New Delhi, May 26: The Supreme Court, which has been experimenting with tech solutions and artificial intelligence tools to streamline the working of courts, has developed a software called SCI-Interact to make all its 17 benches paperless.
“With the help of this software, judges will be able to access files, annexures to petitions and make soft notes on computers itself, without it being accessible to others. Say, six months later, I will be able to retrieve my notes on the file,” SC judge and chairman of the apex court’s e-committee, Justice DY Chandrachud, told the Economic Times. He said tablets have been provided to judges and the software is being upgraded. “We will handhold and expand this to lawyers to further facilitate the working of courts,” he said.
ET has learnt that this software was indigenously developed by the apex court’s computer cell.
This software comprises five components — scanned copies of pending cases, e-filing of fresh cases, IT hardware, MPLS network with dual redundancy, and security audit. “This would minimise human touch, speed up disposal of cases and help in quick decision-making. Once the security testing is done (already underway), the project will be implemented,” SS Rathi, member, e-committee, and convener, artificial intelligence committee of the court, told ET.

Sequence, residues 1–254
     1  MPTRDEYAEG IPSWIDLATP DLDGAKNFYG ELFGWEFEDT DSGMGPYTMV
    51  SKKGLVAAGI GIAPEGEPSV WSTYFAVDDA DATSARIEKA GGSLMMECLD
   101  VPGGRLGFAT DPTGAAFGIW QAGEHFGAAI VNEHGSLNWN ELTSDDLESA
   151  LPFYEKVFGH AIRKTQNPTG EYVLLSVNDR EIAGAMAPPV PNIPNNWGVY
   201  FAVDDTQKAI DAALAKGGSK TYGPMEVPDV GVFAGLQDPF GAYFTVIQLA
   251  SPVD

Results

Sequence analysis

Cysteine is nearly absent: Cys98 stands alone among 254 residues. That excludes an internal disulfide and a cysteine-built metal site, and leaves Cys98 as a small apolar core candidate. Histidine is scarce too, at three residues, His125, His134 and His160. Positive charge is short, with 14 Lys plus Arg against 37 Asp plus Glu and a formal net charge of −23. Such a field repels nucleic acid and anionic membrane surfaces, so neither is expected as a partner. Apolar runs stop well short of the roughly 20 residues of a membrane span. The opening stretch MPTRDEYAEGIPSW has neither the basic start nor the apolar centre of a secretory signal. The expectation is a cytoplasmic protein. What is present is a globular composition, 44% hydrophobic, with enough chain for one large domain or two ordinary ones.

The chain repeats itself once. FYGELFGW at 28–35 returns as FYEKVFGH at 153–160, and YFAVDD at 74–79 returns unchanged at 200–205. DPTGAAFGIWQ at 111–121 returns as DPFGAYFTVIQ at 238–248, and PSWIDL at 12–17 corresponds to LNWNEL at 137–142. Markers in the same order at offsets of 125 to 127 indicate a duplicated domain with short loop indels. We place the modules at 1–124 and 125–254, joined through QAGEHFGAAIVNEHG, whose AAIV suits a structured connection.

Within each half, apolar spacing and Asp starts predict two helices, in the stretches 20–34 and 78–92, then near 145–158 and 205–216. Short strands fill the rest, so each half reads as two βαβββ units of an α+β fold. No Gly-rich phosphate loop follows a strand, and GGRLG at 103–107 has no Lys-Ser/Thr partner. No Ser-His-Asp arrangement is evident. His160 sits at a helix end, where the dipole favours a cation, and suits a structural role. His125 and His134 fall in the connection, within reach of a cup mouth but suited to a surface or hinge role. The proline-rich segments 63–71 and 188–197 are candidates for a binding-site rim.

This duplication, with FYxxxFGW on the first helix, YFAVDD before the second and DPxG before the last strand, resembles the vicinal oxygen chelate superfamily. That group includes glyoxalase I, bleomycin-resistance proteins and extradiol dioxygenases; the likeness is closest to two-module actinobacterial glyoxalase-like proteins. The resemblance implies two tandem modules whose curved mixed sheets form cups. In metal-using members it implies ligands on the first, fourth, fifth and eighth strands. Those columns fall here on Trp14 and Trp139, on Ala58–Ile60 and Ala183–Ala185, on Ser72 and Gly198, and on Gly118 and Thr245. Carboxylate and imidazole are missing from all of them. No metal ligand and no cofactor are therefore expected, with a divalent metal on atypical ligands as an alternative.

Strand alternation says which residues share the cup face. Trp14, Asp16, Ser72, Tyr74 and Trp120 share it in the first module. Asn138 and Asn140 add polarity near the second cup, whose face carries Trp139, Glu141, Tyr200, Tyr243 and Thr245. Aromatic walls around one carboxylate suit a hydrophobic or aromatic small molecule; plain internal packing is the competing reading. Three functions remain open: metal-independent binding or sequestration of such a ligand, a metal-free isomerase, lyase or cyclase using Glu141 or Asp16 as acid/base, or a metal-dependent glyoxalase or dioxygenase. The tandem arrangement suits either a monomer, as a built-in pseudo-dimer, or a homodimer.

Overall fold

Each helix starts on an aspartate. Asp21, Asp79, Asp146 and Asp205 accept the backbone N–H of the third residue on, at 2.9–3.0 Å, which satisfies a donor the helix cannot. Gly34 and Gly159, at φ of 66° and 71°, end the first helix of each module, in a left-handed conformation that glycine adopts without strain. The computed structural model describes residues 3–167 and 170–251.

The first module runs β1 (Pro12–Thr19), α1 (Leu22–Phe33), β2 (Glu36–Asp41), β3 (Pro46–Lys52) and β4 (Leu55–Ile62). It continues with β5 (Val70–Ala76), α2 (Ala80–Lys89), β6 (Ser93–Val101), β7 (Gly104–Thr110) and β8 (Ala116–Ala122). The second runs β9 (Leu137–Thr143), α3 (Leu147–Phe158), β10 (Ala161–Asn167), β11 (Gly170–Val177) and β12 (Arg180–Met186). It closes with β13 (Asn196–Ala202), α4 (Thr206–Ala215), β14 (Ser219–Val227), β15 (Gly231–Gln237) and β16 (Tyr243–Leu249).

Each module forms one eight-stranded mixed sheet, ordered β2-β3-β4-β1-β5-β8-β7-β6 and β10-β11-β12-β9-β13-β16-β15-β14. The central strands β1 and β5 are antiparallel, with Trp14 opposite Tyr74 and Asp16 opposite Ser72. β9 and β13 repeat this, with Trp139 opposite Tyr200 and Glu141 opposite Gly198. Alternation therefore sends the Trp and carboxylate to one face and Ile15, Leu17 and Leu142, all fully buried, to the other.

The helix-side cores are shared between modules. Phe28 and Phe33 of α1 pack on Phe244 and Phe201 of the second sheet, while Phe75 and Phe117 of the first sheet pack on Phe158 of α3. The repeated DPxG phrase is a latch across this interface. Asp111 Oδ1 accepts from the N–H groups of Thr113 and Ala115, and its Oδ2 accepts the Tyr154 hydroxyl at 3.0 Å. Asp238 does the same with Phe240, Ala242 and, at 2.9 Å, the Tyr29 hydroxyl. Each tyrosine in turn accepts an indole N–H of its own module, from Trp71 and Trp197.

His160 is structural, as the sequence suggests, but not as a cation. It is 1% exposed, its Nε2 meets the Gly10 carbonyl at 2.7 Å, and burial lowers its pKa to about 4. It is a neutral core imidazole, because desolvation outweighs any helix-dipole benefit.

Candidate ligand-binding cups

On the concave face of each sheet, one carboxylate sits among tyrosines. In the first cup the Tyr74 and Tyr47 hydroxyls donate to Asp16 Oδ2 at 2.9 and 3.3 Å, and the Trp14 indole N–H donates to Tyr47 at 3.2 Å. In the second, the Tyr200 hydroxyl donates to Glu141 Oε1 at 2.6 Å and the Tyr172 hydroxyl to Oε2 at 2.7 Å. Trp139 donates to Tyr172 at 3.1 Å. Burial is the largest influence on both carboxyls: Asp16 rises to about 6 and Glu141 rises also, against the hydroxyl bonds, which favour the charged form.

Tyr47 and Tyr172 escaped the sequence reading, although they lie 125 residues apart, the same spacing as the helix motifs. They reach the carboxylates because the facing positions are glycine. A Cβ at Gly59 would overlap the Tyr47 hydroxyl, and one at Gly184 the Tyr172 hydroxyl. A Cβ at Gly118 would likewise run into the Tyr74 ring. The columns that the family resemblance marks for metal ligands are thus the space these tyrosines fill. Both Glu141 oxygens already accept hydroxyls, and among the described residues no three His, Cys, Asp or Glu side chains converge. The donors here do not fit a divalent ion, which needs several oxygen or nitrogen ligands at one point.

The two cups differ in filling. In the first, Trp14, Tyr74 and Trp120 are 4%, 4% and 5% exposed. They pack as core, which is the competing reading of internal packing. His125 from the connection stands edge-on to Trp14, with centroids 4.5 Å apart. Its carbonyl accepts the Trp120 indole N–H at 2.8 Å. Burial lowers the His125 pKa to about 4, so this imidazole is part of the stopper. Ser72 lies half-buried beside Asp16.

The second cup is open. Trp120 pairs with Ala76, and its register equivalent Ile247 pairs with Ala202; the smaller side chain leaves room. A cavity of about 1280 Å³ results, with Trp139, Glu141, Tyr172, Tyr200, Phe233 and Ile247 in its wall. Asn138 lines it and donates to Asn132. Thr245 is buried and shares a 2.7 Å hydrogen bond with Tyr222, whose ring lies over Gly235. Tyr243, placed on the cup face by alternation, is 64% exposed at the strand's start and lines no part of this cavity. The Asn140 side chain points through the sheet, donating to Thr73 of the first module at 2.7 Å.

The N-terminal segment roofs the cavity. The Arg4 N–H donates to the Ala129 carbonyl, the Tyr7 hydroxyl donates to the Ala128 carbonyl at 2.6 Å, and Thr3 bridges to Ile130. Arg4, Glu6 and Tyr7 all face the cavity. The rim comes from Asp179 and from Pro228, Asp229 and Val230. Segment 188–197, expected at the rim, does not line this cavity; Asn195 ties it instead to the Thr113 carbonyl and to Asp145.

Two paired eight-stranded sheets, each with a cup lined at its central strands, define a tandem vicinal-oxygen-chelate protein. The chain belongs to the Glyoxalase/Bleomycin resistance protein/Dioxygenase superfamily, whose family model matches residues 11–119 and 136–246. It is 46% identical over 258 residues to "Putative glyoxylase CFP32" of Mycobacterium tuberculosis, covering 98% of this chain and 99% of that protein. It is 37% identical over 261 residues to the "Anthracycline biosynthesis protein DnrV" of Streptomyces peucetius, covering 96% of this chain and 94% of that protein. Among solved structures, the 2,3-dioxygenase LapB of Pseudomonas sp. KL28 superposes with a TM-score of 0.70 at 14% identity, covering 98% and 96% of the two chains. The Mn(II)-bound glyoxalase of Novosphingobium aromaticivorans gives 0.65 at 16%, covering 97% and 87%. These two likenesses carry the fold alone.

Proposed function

“This is an in-house project developed by our programmers and, after some initial hiccups, is back on track. Testing is currently on, and it will be unveiled soon,” another SC official told ET.
Meanwhile, the AI committee is also working on a second project called SUPACE (Supreme Court Portal for Assistance in Court Efficiency), aimed at data mining, tracking progress of cases, legal research and other uses to ensure timely delivery of justice by judges.
Earlier, the apex court had developed a dedicated open-source judicial domain language translation tool named SUVAS (Supreme Court Vidhik Anuvaad Software) to translate judicial documents from English to nine vernacular languages — Marathi, Hindi, Kannada, Tamil, Telugu, Punjabi, Gujarati, Malayalam and Bengali — and vice versa.
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